3.2. Bibliometric analysis
A similar pattern was observed working with authors with a) three or more cocitations or b) four or more
cocitations (see Figures 5 and 6).
Figure 5. Cocitation network of authors with three or more cocitations
Figure 6. Cocitation network of authors with four or more cocitations
With relation to contents of paper titles, text mining shows an axis we call privatization, differentiating between
British and French models of privatization of water and sanitation services. Actually, the bidimensional map
display 'Africa' label near 'privatization' label, so given that many African countries were previously French
colonies, we can assume that the privatization experiences discussed in papers are related to the implementation
of French model, which preserves the ownership of water services infrastructure (e.g., treatment plants, pipes
networks, etc.) in the hands of the State, while transfers to a private operator the financing and managerial tasks,
what we call the day-by-day operations. Contrary to French model, British model means a full privatization of
water services: infrastructure and running of business.
It is interesting to note that even the privatization experiences implemented in many developing countries since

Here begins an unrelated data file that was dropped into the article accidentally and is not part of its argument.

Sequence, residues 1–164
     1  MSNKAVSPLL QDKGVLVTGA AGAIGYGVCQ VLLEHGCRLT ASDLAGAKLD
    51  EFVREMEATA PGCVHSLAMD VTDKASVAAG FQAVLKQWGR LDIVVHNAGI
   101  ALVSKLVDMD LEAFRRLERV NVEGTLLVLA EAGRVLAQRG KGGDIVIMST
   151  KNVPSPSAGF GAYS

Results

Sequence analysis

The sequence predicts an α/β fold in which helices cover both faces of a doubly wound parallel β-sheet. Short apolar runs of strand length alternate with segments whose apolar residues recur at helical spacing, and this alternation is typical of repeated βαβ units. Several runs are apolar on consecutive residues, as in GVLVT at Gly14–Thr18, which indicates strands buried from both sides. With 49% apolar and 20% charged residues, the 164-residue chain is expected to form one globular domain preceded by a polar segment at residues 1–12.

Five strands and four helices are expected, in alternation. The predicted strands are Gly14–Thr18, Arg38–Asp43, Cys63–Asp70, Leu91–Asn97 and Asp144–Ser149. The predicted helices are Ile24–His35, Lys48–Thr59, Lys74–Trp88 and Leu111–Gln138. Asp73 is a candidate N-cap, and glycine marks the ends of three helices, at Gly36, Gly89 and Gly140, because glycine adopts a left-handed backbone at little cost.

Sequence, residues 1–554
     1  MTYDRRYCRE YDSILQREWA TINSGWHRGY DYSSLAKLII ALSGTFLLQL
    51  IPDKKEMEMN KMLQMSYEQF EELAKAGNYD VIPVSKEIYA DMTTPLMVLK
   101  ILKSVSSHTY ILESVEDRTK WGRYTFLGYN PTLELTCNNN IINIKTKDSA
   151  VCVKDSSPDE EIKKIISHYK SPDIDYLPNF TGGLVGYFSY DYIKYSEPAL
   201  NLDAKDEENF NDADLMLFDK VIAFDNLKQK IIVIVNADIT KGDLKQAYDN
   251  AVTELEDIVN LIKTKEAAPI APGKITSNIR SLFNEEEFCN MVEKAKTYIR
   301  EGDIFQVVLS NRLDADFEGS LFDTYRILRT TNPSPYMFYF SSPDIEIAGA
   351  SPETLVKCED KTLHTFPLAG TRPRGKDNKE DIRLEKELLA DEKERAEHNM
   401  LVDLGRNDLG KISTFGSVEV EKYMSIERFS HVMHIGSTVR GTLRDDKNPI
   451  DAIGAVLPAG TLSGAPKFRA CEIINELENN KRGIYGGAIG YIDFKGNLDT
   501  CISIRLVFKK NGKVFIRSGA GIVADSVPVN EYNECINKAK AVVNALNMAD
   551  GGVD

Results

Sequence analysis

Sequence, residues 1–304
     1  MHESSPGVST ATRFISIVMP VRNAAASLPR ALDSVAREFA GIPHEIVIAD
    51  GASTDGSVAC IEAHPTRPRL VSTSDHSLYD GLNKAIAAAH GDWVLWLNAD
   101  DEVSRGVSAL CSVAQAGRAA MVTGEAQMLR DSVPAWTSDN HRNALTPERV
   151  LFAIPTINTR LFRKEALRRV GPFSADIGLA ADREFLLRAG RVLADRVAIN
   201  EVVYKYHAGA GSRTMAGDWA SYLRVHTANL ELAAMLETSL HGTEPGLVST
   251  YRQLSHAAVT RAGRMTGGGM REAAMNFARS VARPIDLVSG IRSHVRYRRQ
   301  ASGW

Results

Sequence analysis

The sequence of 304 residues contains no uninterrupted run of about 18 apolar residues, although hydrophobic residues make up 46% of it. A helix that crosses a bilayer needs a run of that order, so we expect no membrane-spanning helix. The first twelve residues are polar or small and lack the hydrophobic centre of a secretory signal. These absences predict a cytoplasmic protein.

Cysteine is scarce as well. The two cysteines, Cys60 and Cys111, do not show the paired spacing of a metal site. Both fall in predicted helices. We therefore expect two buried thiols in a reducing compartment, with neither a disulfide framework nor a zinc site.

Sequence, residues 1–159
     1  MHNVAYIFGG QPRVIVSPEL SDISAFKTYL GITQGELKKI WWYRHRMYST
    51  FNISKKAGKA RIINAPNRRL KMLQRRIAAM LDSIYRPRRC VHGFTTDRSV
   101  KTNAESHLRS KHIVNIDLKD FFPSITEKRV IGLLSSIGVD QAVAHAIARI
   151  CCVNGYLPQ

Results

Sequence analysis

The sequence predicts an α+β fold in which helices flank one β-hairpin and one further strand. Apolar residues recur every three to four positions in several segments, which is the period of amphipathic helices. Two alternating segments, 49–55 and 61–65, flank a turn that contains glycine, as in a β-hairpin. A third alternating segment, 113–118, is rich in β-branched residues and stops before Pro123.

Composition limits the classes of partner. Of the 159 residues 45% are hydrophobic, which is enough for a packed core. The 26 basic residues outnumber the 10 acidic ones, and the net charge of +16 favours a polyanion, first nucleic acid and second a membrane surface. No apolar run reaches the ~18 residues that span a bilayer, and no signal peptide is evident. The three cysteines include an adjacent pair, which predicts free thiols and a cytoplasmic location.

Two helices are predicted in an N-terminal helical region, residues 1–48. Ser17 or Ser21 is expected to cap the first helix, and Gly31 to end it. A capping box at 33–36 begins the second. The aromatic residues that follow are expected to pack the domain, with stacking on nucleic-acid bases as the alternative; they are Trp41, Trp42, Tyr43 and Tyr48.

1980 decade resulting in hundreds and thousand of workers fired owed to engineering processes, this direct
cause of poverty -unemployment- is seldom mentioned as a negative effect of privatization. After reading the
paper abstracts, we did not either find a more critical approach to privatization process, since most of analysis
are focused in improvements in quality and access.
Most of studies on 'water services privatization' assume that private operators are more efficient than public
companies, in terms of cost-benefit and financial indicators; however the empirical evidence from econometric
studies is not conclusive (Estache and Rossi, 2002; Trujillo and Estache, 2005; Warner and Hefetz, 2002), which
means that this assumption is not based on evidence.
On the other side, even academic world and public opinion consider water services as an essential right, when
the frame of ‘citizen rights’ changes to ‘consumer rights’, water services is no longer viewed as an obligation
operators must provide, but a good subject to supply and demand laws, and the payment capacity of consumers.
(Spronk, 2007a, 2007b) This kind of approach is also absent in most of papers analyzed.
The central position of World Bank in cocitation maps is explained by the high volume of literature produced by
this international financing organization but also the political role played by this agent, because it is known that